The Edmit Guide to
Start building your list with schools that are a great financial fit.
Demonstrated need is the gap between your EFC and the cost to attend a particular school.
Most colleges can't guarantee they will meet all of your financial need.
How your "financial need" will factor into a college's admissions and aid decisions depends on the type of college it is.
Here is our list.
Families who see that their EFC is higher than they are able or willing to pay for college should factor merit scholarships into their search.
Here's our list of the colleges that award merit scholarships to the highest percentage of students without financial need.
Learn about merit scholarships and financial aid in the Ivy League.
A primer on these categories of colleges.
State schools are not necessarily cheaper.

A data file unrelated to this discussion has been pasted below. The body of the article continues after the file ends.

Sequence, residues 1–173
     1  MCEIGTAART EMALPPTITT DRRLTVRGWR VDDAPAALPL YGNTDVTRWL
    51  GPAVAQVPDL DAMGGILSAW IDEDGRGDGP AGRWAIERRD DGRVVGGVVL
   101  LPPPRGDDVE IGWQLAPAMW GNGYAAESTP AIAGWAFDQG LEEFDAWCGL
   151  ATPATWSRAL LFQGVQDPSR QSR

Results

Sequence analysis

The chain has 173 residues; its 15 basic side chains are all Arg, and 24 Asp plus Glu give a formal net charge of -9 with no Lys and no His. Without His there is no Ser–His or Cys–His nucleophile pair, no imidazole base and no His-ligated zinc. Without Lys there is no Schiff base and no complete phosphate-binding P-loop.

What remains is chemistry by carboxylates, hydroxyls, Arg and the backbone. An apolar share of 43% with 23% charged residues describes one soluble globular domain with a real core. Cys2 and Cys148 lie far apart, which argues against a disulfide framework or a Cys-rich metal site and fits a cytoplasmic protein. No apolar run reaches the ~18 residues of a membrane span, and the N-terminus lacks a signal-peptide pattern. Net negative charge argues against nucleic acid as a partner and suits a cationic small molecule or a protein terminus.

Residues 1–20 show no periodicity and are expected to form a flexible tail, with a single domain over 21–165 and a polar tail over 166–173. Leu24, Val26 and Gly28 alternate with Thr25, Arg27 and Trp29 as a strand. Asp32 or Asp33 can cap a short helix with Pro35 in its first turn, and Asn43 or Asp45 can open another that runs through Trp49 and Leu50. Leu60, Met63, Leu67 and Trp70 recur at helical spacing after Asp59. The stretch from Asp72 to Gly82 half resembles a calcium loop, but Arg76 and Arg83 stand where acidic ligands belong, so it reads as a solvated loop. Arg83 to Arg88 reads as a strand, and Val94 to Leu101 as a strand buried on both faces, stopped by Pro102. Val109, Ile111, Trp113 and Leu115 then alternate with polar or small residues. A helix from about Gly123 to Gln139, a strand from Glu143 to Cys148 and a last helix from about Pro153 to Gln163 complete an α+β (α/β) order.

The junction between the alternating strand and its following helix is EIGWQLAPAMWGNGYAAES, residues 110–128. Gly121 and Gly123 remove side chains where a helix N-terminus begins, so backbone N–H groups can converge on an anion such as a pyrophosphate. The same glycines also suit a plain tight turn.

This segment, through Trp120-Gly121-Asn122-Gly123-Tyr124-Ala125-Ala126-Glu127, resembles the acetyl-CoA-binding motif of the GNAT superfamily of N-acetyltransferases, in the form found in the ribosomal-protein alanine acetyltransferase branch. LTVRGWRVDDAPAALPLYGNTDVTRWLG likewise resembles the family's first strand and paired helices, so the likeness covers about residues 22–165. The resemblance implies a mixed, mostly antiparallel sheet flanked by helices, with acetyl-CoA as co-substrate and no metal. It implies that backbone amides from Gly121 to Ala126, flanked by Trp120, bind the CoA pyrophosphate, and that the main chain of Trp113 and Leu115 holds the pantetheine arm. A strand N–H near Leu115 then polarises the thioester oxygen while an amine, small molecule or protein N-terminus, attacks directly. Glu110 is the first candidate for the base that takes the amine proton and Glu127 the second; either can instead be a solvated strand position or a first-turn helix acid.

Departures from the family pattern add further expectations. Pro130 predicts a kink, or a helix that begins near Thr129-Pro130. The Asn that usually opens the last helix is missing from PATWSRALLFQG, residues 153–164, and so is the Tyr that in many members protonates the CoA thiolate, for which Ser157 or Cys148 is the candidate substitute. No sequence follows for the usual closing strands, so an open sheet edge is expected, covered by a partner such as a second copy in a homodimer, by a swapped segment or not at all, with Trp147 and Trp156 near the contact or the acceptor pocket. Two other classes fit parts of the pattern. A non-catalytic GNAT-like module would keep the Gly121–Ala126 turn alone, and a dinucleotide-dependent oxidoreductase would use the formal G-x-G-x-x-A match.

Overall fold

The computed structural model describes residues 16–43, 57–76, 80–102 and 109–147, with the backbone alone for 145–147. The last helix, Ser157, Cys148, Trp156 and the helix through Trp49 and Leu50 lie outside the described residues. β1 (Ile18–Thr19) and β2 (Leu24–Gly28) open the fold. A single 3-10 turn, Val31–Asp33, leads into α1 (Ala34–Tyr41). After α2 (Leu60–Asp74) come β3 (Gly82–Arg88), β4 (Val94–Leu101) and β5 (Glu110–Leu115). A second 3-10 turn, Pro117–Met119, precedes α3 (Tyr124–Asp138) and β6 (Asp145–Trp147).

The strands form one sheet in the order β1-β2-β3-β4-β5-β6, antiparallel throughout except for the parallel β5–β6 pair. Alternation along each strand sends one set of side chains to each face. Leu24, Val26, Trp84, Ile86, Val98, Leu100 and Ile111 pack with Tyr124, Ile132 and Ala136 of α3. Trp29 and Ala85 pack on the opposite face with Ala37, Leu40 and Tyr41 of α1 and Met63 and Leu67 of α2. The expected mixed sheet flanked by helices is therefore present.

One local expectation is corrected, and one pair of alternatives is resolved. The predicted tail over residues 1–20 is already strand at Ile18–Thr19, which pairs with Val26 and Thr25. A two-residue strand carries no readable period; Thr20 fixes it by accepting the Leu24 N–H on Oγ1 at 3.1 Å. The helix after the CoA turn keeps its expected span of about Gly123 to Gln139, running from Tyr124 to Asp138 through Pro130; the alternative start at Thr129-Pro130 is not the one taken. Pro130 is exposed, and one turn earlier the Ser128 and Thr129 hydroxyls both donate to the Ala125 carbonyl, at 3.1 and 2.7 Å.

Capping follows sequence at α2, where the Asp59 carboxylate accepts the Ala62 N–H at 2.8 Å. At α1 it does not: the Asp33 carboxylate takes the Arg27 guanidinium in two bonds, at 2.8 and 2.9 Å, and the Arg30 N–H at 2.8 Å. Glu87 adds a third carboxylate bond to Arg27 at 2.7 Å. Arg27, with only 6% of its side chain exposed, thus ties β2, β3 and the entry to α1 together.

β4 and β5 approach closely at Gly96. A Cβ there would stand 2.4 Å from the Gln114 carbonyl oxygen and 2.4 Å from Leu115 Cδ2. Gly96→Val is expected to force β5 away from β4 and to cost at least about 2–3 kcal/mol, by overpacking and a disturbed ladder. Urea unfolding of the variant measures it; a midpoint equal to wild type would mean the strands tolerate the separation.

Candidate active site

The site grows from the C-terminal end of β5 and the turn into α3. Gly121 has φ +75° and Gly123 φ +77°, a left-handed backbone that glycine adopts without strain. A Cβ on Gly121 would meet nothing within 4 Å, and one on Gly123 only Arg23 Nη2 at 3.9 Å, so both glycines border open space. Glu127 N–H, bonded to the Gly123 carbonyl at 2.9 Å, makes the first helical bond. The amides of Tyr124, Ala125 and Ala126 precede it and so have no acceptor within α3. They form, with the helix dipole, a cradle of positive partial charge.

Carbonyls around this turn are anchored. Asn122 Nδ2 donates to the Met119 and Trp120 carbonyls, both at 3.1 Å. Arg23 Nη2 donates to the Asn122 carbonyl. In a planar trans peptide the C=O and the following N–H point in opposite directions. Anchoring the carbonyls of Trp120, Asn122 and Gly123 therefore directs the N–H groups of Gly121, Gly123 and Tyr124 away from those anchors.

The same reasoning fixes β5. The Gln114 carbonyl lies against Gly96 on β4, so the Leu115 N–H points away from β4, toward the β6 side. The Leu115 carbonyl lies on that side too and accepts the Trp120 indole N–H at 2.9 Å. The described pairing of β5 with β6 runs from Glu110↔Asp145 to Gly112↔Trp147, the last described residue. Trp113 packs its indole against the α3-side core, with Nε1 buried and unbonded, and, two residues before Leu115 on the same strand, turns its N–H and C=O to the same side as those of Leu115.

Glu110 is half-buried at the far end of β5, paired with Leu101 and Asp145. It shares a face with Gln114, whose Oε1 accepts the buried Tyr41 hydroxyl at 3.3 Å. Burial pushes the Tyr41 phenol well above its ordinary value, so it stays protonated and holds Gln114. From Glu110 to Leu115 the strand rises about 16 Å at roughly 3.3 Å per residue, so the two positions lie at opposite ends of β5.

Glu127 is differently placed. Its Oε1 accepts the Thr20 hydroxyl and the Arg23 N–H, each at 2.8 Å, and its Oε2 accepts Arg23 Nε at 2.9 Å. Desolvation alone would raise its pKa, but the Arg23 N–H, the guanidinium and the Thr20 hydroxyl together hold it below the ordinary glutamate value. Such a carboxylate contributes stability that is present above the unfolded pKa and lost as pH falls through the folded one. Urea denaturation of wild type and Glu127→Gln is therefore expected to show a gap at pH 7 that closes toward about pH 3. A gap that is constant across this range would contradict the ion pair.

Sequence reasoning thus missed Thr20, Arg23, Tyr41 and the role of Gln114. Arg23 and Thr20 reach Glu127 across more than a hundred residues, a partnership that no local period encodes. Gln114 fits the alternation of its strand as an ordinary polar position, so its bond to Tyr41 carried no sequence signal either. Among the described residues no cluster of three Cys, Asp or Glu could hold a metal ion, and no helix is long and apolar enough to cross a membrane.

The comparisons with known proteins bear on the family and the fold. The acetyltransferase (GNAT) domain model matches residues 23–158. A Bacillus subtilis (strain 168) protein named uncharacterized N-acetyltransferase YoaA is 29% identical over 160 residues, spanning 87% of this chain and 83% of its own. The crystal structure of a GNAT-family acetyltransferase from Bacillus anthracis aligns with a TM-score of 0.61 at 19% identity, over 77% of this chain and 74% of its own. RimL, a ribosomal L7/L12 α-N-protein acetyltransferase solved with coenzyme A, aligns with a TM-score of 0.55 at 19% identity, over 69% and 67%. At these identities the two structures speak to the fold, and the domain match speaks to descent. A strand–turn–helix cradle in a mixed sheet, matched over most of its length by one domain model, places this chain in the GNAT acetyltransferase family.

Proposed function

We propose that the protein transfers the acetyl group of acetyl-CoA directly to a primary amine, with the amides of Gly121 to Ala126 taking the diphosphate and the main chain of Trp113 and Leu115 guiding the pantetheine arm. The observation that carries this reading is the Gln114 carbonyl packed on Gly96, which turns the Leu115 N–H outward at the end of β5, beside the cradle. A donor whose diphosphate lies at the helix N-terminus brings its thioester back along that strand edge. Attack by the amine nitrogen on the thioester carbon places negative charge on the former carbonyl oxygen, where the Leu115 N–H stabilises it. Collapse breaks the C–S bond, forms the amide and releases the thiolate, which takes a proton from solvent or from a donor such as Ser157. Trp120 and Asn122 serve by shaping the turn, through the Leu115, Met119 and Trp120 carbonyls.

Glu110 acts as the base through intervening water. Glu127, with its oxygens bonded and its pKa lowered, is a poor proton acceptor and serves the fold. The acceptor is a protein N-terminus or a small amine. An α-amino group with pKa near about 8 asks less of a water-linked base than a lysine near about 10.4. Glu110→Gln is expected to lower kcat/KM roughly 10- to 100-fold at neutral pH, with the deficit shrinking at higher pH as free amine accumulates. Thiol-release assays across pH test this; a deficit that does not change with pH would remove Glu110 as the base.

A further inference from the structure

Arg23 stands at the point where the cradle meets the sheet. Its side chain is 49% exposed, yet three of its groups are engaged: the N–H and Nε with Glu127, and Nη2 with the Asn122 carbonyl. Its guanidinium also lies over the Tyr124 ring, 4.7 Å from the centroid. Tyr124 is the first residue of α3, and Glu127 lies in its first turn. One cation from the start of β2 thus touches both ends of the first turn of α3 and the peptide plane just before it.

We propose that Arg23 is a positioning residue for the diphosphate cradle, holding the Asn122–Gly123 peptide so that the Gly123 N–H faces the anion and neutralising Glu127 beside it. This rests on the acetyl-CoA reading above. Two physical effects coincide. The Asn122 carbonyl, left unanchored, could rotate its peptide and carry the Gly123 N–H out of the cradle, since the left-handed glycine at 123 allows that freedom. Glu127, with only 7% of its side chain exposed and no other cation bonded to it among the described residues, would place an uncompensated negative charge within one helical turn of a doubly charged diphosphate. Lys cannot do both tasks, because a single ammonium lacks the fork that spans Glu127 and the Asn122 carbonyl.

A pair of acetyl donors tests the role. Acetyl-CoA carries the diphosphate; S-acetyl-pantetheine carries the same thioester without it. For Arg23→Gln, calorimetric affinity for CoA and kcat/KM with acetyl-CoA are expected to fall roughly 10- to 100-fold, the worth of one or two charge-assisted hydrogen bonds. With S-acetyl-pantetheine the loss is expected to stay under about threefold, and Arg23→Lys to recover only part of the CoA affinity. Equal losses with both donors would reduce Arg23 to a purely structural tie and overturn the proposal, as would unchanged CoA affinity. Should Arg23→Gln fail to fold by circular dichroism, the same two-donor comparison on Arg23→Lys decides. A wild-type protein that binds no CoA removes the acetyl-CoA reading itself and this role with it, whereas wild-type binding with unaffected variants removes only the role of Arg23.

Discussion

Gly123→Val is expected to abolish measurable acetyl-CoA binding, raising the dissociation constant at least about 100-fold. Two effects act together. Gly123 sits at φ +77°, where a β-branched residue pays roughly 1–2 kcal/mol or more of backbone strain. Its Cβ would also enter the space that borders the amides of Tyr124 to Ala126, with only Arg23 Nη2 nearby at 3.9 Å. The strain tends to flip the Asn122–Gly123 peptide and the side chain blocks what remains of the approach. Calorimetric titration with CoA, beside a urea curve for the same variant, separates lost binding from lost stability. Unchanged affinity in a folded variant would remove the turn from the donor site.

Ways to reduce your costs if you're attending a public university from out-of-state.
Here's how the numbers break down for these very selective institutions.
One of the most important steps in your college search process - but not foolproof.
And why it might be much higher than you expect.
An overview of the sites you can use to start your search.
What they measure, and why they are not necessarily useful for your student.
Learn how much the average independent college counselor costs and why you might consider one.
Here are the financial questions you can ask when on campus.
Tips for visiting colleges on a budget.
Things you can do during the summer to build your career knowledge.
Estimate how much you'll need for college, and make your plan for how best to save.
Master college finance basics and start setting your expectations.
Build your college list by finding schools that are a great financial fit.
Choose the college that will set you up for long-term success.
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